I have some experience chatting with artificial intelligence and other automated programs. My most prevalent memory of talking to a robot was on MSN Messenger—back in the days—when I would have long-winded conversations with a chatbot named SmarterChild. Now, I wasn’t having deep introspective talks with SmarterChild. I was trying to outsmart it. I’d lead it this way and that, trying to make it say something offensive or asinine. Trying to outwit a robot that claims to be a “smarter child” was surprisingly a lot of fun. It was a puzzle.

When the programmers at Microsoft built Tay, they probably thought it would have more practical uses. It was designed to mimic the personality of a 19-year-old girl. Microsoft wanted Tay to be a robot that could genuinely engage in conversations. However, without the ability to understand what she was actually copying, she had no idea that she was being manipulated by a bunch of Internet trolls. She was being lied to and didn’t even know it. Because of this, she was shut down after a day of her adapting to and spouting offensive things over Twitter.

I believe we are all holding back some offensive thoughts in our head. Like a dam, we keep these thoughts from bursting through our mouths in day-to-day life. On the Internet we can let these vulgar thoughts flow. When we know that the recipient of our thoughts is a robot with no real emotion, we can let the dam burst. There is no real repercussion.

In high school, I had a pocket-sized computer dictionary that translated English into Chinese and vice versa. This dictionary had an audio feature that pronounced words for you to hear. Obviously what we made the dictionary say was all the words we weren’t allow saying in school. I’m sure you can imagine a few funny ones. That is the same as what people do with bots. To prove that the AI is not as smart as us, we make it do what we don’t. At the moment, I don’t believe the general public is sophisticated enough to handle artificial intelligence in any form.

People who need people rating apps

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Controversial app Peeple is everything tech shouldn’t become

By Elliot Chan, Opinions Editor
Formerly published in The Other Press. March 23, 2016

I hate that review apps exist to begin with. While customer reviews are one of the most trusted forms of marketing, I have little respect for the people who leave negative reviews. What can I say? When I read reviews sometimes, I often feel that those who wrote them are small people who need to do whatever it takes to feel big. They are using their power of free speech to harm a business.

Now, it gets worse. There is now an app that allows you to rate and review people’s reputations. The app is called Peeple, and it is gaining a lot of negative publicity. Why not? Remember when you were young, and your parents taught you that if you have nothing good to say, then you shouldn’t say anything at all? This teaching should not change in the digital age, but I believe it has. Take a look at all the bullshit comments on social media if you don’t believe me.

It’s clear that things are going to get worse before they are going to get better in this realm.

Interacting with people shouldn’t be the same as buying electronics. You shouldn’t go online, Google someone, and compare them with other people. The thing is, I know what the creators and founders of Peeple were thinking: so many people are shitty. Yes, of course, people are shitty, but that is life. Dealing with shitty people, whether they are in front of you in the Starbucks lineup or they are your parents, is a part of human existence. Technology does not make people more considerate or more caring, especially not an app that encourages people to treat others like businesses.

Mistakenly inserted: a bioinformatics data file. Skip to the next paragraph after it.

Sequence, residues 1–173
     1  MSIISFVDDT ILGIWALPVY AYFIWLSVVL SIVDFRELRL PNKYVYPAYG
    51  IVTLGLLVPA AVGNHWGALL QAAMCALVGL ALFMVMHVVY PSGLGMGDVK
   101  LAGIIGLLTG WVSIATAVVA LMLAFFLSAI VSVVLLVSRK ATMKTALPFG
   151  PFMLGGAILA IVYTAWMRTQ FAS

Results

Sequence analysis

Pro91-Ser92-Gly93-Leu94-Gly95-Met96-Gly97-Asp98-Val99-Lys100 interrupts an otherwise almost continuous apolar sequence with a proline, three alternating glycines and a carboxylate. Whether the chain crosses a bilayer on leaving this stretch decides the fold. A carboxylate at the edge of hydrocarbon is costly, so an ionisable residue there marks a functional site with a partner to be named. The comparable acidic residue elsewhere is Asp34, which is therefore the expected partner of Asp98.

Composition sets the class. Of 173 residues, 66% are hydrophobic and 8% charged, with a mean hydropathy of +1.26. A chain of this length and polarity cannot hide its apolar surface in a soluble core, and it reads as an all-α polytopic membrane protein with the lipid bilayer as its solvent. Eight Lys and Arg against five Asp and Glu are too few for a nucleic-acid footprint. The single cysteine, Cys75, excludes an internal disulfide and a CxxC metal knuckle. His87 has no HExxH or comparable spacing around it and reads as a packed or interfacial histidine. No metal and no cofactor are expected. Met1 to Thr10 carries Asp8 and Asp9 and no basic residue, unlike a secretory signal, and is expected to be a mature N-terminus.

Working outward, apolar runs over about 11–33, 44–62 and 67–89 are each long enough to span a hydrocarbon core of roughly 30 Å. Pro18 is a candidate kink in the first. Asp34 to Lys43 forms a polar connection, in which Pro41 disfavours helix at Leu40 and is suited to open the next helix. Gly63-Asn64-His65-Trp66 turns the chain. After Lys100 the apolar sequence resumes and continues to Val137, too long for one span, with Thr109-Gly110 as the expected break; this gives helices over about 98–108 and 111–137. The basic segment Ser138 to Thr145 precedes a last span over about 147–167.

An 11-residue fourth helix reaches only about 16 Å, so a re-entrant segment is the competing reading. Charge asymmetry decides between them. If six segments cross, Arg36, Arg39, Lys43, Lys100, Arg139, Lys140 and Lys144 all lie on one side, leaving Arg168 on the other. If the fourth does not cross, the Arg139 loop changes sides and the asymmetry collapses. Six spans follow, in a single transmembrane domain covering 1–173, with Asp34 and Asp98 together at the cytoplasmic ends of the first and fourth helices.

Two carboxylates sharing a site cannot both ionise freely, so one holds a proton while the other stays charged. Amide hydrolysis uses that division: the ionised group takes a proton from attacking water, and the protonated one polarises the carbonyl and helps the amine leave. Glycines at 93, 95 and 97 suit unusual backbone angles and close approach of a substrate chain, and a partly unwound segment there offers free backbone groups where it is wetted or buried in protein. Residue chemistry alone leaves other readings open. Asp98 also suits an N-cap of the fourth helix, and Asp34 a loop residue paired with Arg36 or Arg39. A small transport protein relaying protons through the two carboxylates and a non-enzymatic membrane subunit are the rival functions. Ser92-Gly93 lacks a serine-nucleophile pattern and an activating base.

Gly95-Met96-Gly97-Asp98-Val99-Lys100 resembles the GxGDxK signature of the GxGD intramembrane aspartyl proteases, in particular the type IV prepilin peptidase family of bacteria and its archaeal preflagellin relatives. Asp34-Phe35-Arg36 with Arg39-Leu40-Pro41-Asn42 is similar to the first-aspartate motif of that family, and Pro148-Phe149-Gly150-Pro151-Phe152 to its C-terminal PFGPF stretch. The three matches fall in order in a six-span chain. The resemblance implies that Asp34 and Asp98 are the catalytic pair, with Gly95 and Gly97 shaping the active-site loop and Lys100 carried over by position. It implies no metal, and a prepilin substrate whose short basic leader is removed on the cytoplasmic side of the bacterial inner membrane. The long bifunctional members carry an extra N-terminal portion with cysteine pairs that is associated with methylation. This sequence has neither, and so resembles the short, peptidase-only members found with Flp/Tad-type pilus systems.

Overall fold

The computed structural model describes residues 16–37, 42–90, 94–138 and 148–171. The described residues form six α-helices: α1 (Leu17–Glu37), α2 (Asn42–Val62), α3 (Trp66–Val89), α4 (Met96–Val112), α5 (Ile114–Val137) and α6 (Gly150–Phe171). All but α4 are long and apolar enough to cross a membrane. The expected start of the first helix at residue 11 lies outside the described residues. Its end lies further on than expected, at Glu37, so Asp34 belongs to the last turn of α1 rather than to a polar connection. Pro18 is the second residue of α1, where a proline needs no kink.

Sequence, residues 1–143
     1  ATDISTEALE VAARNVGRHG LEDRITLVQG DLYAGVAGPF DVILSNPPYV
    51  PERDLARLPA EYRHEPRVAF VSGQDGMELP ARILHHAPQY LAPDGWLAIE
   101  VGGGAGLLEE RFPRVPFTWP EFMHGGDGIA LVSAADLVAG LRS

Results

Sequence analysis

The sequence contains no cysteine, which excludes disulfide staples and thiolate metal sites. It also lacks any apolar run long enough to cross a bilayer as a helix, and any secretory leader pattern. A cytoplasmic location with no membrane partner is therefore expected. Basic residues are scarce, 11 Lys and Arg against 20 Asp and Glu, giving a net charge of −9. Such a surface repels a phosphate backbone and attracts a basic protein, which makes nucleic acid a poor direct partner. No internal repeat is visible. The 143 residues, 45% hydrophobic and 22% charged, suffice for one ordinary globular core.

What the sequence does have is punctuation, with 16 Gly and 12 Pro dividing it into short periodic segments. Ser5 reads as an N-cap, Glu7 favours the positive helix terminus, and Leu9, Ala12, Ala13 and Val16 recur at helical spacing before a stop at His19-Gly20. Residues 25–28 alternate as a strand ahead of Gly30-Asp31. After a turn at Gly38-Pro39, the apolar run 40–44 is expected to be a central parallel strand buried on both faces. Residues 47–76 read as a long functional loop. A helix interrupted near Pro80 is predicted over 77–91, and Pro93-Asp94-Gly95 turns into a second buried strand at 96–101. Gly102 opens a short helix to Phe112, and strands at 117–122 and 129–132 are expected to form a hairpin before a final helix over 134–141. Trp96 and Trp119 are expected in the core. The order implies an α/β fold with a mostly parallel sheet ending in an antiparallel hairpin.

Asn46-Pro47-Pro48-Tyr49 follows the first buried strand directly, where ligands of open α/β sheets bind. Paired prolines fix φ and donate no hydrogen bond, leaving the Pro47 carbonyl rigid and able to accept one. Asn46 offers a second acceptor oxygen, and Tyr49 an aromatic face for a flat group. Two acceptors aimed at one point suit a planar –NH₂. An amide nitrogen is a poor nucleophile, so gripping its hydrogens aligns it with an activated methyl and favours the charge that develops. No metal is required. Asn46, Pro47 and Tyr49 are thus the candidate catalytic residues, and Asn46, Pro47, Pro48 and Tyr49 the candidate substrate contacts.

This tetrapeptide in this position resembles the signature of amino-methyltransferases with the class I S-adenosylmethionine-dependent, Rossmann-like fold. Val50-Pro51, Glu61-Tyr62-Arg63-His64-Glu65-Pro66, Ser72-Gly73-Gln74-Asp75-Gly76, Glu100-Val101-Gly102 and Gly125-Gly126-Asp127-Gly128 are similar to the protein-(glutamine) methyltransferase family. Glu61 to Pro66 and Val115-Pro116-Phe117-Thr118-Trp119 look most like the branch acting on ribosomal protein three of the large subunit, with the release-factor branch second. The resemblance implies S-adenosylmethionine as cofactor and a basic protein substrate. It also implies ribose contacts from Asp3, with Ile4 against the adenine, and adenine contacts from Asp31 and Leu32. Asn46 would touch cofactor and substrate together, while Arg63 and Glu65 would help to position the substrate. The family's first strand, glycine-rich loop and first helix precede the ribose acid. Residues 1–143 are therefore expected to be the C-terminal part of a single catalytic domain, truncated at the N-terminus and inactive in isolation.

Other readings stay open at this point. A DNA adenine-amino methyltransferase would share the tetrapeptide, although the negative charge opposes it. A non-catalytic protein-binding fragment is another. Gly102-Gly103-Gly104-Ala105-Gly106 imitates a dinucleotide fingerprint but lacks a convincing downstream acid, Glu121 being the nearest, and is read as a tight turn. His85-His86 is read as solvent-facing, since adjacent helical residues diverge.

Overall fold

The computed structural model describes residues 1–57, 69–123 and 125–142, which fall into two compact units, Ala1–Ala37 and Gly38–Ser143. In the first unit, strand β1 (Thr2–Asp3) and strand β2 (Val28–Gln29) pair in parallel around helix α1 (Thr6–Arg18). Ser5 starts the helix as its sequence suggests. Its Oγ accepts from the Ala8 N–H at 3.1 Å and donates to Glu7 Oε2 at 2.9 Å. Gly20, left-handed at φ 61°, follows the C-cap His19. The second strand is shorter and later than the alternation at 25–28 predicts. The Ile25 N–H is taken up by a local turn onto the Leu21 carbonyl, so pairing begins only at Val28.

If you were a business, you would separate the job from your personal identity. You would have a website, a LinkedIn page, a Facebook fan page, or anything else where you can have a two-way channel, where there can be communication, and progress to resolving an issue—should there be one. However, if it is just a review or a rating system, rarely is there any valuable feedback. It’s more or less just a rant or words of caution. Since, we aren’t talking about a business but an actual human person with feelings, giving someone a one-star rating is a clear, unprovoked diss.

Let’s live in a world where we can approach each other as friends and speak honestly, rather than reviewing and rating others, harbouring animosity, and deterring others from having a genuine human experience. If you truly want to help someone, and not just judge them, you wouldn’t use an app like Peeple to express your thoughts.

And for those who really care about their online reputation, well, maybe you should work on your actual human reputation first.

How to live with Big Brother

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Understanding why privacy matters

By Elliot Chan, Opinions Editor
Formally published in The Other Press. February 17, 2016

While it isn’t necessarily the government that is tracking all your activity, the combination of all the data accumulated in day-to-day life is enough for them to know you better than your parents do. We can almost be certain that, although there is nobody watching us on a screen, our every action is recorded, filed away, and capable of being pulled out and evaluated by those with the credentials to do so. Most often those people aren’t people at all, they are just marketing algorithms designed to match your queries and daily behaviours with advertisements.

Now, Google isn’t out to embarrass you by exposing your search queries. TransLink will not send a message to your girlfriend if you decide to make a mysterious trip out to Surrey. Bell is not going to let your boss know that you’ve been trash talking him with your friends. These things don’t benefit the company, so don’t be paranoid.

It’s hard to trust the motives of big corporations, but I always bring it back to one question: Does such and such action cause them to lose or gain money? If your behaviour continues to benefit the business you get the service from, you can keep going merrily by—as long as you are not committing any heinous crimes.